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Energy prices, the climate and the nuclear bubble

By Wade Allison - posted Monday, 12 May 2014

You pay extra for what you insist on – and the more you insist, the more you pay. That is the law of the street and it applies to the safety of nuclear radiation. For more than 60 years people around the world have demanded that any public exposure to radiation should be kept As Low As Reasonably Achievable (ALARA). This is because nuclear radiation is seen as quite exceptionally dangerous and terrible in a way that applies to no other risk – and claimed nuclear costs have risen as this demand has become more strident.

But is that right? Or has the world been taken in by political propaganda and too many science fiction movies? Radiation has been a feature of the natural world for 1000 million years and life grew up alongside it. In fact life has evolved an extraordinary degree of natural protection for simple cells, plants, animals and humans too. So there is no scientific justification for the primitive fear of radiation that pervades much public opinion today -- and what happened at Fukushima is a good illustration.

There has been no casualty from the radiation and will be none in future. But the world is still frightened and calls it a tragedy – imagine, Hamlet with no injury!


The maximum value 7 given to the International Nuclear Event Scale (INES) for Fukushima has no objective basis – this scale is just a measure of political and media alarm which has no parallel for much more serious accidents with hydro-electric dams, coal mines, gas explosions or oil wells. Just the fear of radiation and the unnecessary measures taken have caused over 1000 deaths, and the effect on the Japanese economy and the environment have been very serious – for no benefit whatever. And the radiation released at Fukushima (or Chernobyl) is the same as that used in every major hospital to cure cancer, not cause it!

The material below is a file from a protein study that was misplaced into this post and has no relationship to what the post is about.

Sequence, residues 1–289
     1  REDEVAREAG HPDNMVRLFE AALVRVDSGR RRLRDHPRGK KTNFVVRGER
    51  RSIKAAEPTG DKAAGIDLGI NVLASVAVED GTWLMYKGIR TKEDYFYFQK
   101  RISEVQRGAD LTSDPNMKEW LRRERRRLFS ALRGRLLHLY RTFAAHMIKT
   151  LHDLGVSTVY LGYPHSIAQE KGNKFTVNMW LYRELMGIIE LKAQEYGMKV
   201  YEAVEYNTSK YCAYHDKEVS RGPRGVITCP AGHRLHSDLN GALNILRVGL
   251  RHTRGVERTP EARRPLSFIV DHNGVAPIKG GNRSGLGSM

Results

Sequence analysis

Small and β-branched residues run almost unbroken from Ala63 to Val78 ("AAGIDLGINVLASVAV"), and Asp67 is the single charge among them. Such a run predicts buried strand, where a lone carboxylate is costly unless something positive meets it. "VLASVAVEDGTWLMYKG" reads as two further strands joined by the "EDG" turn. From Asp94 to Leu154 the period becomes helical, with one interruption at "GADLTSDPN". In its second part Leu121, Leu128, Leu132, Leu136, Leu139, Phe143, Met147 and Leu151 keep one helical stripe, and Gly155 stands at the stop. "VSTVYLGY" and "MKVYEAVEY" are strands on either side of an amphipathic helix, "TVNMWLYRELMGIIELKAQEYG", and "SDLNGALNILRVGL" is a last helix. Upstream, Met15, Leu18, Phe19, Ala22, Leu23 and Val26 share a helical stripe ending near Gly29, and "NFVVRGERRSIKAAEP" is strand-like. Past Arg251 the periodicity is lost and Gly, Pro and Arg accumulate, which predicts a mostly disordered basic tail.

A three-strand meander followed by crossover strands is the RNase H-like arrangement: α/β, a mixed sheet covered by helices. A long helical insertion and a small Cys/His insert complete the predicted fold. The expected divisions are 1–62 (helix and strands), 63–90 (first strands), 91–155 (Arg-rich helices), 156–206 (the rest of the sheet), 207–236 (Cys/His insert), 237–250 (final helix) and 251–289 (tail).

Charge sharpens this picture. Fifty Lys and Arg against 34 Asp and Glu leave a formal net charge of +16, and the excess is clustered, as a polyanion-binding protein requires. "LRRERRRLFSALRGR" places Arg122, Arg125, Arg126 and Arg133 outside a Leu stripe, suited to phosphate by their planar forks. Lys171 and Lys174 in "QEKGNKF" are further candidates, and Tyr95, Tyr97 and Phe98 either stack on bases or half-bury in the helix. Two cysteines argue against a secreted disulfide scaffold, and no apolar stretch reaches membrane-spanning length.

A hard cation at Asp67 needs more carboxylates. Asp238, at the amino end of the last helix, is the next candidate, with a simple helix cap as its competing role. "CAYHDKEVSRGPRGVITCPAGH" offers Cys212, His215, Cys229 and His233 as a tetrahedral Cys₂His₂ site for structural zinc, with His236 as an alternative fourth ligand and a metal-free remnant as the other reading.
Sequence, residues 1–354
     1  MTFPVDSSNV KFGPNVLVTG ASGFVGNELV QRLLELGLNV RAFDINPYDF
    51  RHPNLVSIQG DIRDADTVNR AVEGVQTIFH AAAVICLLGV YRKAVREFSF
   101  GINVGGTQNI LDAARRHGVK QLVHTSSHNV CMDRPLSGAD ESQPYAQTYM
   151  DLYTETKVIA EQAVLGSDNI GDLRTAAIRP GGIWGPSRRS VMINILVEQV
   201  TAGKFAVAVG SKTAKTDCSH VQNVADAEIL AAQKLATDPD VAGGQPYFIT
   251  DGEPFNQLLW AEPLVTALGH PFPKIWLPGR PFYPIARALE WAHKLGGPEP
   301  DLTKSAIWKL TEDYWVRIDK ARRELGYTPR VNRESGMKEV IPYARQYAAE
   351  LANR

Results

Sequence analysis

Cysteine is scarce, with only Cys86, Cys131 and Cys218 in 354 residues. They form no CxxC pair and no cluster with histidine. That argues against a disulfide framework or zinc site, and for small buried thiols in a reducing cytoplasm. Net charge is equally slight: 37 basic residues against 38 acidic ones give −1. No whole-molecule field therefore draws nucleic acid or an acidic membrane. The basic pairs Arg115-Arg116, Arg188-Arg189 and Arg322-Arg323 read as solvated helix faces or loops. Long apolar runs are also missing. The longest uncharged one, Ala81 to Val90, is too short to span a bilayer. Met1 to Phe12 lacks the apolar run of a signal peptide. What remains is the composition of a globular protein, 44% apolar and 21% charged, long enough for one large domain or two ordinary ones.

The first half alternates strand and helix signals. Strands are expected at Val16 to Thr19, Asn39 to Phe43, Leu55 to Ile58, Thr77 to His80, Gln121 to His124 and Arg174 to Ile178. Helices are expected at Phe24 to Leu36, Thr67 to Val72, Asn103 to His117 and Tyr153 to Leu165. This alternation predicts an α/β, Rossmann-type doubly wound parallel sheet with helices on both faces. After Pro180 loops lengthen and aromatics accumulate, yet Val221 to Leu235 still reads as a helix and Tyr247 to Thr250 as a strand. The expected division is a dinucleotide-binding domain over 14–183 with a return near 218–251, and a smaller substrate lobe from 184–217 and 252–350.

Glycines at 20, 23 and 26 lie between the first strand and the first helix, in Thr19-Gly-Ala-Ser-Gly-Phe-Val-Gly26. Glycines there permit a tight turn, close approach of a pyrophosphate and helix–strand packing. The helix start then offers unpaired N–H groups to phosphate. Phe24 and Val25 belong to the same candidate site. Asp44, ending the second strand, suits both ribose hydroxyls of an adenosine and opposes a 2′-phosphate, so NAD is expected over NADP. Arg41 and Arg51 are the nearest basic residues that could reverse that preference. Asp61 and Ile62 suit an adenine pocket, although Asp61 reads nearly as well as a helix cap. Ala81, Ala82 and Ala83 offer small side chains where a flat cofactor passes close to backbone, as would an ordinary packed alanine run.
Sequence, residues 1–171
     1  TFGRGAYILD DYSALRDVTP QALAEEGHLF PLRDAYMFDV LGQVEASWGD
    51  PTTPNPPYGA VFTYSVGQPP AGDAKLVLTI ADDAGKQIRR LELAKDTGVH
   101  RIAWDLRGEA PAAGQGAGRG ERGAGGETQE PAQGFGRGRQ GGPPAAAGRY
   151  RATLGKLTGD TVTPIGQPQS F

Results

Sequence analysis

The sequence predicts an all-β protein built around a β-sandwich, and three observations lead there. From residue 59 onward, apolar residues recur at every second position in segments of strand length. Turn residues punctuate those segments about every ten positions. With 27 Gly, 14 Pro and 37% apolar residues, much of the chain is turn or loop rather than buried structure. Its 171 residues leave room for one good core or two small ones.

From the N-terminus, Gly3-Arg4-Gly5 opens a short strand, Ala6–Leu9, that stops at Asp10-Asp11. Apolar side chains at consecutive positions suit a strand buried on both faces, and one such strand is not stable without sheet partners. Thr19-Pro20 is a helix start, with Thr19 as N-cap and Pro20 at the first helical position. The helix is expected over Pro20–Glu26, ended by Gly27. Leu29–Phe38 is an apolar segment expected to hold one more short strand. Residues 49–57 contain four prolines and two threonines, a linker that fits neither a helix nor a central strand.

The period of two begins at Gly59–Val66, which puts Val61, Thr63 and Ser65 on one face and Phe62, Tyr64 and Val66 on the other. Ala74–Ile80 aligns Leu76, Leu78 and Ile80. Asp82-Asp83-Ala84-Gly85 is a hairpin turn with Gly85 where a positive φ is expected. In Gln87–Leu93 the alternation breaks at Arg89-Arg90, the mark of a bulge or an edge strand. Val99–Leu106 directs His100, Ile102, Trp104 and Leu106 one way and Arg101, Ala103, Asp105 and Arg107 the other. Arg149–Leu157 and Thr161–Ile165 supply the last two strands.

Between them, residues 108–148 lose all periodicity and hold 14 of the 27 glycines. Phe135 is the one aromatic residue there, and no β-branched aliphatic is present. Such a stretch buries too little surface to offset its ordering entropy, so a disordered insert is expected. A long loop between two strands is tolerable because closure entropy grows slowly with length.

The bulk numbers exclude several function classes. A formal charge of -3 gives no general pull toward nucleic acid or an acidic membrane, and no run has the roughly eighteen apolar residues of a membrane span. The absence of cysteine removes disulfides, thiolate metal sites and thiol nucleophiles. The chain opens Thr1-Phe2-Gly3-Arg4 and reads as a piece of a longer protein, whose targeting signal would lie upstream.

In 1987, when a discarded cancer therapy source in Goiania, Brazil, was picked up, broken open and spread around several homes, 249 people were significantly contaminated, 50 internally, by doses up to 10,000 times the highest contamination recorded at Fukushima.

What happened as a result?

You might expect that with such large doses the cancer cases should be obvious without any fancy statistics. Well, four people did die of acute radiation poisoning within a few weeks, but, even after 25 years, there has been no case of cancer that can be connected with the radiation. Two women, one who was already pregnant at the time, had normal deliveries of healthy children.

Marie Curie who worked with radiation all her life said "Nothing in life is to be feared. It is to be understood."Fear stops thought, locks in misconceptions and prevents people taking initiatives and solving problems. On the other side there are always those ready to make good money out of other people's fear. It is a rich source of employment, and international political power too. But such a bubble of activity built on superstition is unstable -- and expensive too. Adam Smith said "Science is the great antidote to the poison of enthusiasm and superstition." In a world of 7000 million people this unscientific bubble endangers the environment.